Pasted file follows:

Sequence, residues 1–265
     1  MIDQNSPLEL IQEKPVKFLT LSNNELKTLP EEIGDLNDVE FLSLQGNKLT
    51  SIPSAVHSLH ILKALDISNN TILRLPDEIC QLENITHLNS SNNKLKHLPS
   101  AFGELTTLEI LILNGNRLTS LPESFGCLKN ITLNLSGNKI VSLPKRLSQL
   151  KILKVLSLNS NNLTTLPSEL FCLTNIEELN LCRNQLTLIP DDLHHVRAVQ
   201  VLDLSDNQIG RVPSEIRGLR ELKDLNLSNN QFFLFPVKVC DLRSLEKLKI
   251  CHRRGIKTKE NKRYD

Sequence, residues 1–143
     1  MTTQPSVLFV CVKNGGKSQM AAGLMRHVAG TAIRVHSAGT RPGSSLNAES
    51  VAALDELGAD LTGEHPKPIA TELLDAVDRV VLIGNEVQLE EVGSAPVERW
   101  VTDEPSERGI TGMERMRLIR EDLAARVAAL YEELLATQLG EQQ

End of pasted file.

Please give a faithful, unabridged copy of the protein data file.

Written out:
Sequence, residues 1–265
     1  MIDQNSPLEL IQEKPVKFLT LSNNELKTLP EEIGDLNDVE FLSLQGNKLT
    51  SIPSAVHSLH ILKALDISNN TILRLPDEIC QLENITHLNS SNNKLKHLPS
   101  AFGELTTLEI LILNGNRLTS LPESFGCLKN ITLNLSGNKI VSLPKRLSQL
   151  KILKVLSLNS NNLTTLPSEL FCLTNIEELN LCRNQLTLIP DDLHHVRAVQ
   201  VLDLSDNQIG RVPSEIRGLR ELKDLNLSNN QFFLFPVKVC DLRSLEKLKI
   251  CHRRGIKTKE NKRYD

Sequence, residues 1–143
     1  MTTQPSVLFV CVKNGGKSQM AAGLMRHVAG TAIRVHSAGT RPGSSLNAES
    51  VAALDELGAD LTGEHPKPIA TELLDAVDRV VLIGNEVQLE EVGSAPVERW
   101  VTDEPSERGI TGMERMRLIR EDLAARVAAL YEELLATQLG EQQ